GE finalizes supply contract for Haliade-X 13 MW variant
Photo Credit: GE Renewable Energy
GE Renewable Energy (Paris, France) announced on Sept. 22 that it has finalized supply contracts (subject to final notification to proceed) with Dogger Bank Wind Farm off the east coast of Yorkshire, England (a 50:50 joint venture between SSE Renewables and Equinor) for the first two phases of what is said will become the world’s largest offshore wind farm. According to GE, these first two phases (Dogger Bank A and B) will each feature 95 Haliade-X 13-megawatt (MW) wind turbines. GE says this project will be the first to use these 13 MW variant wind turbines.
GE says the agreements will include a total of 190 units of the 13 MW Haliade-X wind turbine, and a five-year service and warranty agreement to provide operational support for the wind turbines. GE’s Service team will be co-located with the Dogger Bank Operational and Maintenance team, based out of the Port of Tyne (located in South Shields, England).
The Haliade-X 13 MW is said to be an enhanced version of the 12 MW unit which has been operating in Rotterdam since November 2019 and which recently secured its provisional type certificate from DNV-GL. The uprated 13 MW Haliade-X will also feature 107-meter long blades and a 220-meter rotor. One spin of the Haliade-X 13 MW is said to generate enough electricity to power a U.K. household for more than two days.
“We are delighted to take the next step in developing the most advanced proven technology in the market,” says John Lavelle, president and CEO, Offshore Wind at GE Renewable Energy. “In signing these agreements with Dogger Bank, our Haliade-X technology will now have an important role to play in the U.K.’s offshore wind ambitions [40 GW by 2030] and greenhouse emission reduction to “net-zero” by 2050.”
Photo Credit: GE Renewable Energy
It is further confirmed by GE that the project will bring economic benefits to the North East of England. The service and warranty agreements for the first two phases of Dogger Bank Wind Farm will account for around 120 of the operational and maintenance jobs that will be based from the Port of Tyne. In addition, GE Renewable Energy has also confirmed that it will establish its marshaling construction team activities at Able Seaton Port in Hartlepool, which will result in the creation of an additional estimated 120 jobs during the construction period. Recruitment activities are likely to begin early next year.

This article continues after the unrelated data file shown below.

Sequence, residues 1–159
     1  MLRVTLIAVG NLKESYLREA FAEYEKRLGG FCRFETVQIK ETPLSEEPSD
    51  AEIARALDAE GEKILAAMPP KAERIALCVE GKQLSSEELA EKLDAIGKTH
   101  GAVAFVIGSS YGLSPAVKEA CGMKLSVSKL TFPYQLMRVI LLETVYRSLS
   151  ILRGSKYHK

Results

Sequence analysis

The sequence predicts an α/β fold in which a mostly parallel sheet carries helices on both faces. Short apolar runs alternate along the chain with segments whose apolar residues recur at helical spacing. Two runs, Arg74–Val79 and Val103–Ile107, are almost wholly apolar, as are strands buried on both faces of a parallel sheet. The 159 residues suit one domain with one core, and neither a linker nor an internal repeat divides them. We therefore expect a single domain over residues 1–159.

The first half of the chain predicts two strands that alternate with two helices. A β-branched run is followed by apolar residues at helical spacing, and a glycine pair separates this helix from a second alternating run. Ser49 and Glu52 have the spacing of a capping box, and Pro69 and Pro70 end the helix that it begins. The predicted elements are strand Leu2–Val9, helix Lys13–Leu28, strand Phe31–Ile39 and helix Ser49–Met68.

“I am thrilled to see so many green jobs on the way to the North East of England. Projects like Dogger Bank are absolutely crucial to building back greener from the coronavirus pandemic — creating jobs, growing the economy and tackling climate change. I look forward to watching its progress in the months and years ahead,” comments Energy Minister Kwasi Kwarteng.
The Dogger Bank wind farm is located more than 130 kilometers off the north-east coast of England and will be capable of powering up to 4.5 million homes each year when complete in 2026. Due to its size and scale, the site is being built in three consecutive phases; Dogger Bank A, Dogger Bank B and Dogger Bank C. Each project is expected to generate around six Terrawatt-hours (TWh) of electricity annually.
In the meantime, GE notes that the Haliade-X platform continues to undergo a rigorous series of tests at the U.K.’s Offshore Renewable Energy (ORE) Catapult testing facility in Blyth, at Boston’s Wind Technology Testing Center in the U.S. and at the prototype site in Rotterdam, Netherlands. This prototype unit in the Netherlands, which, according to GE, sets a world record in January 2020 by being the first wind turbine to produce 288 megawatt-hours (MWh) in one day, will start operating at 13 MW in the coming months as part of its ongoing testing and certification process.
Further, GE Renewable Energy will continue its testing and research and development activities on Haliade-X platform in the U.K. by partnering with ORE Catapult and other institutions to develop programs that reduce the time people spend at sea, to increase safety and the use of robotics, digital and remote operations to reduce energy costs.
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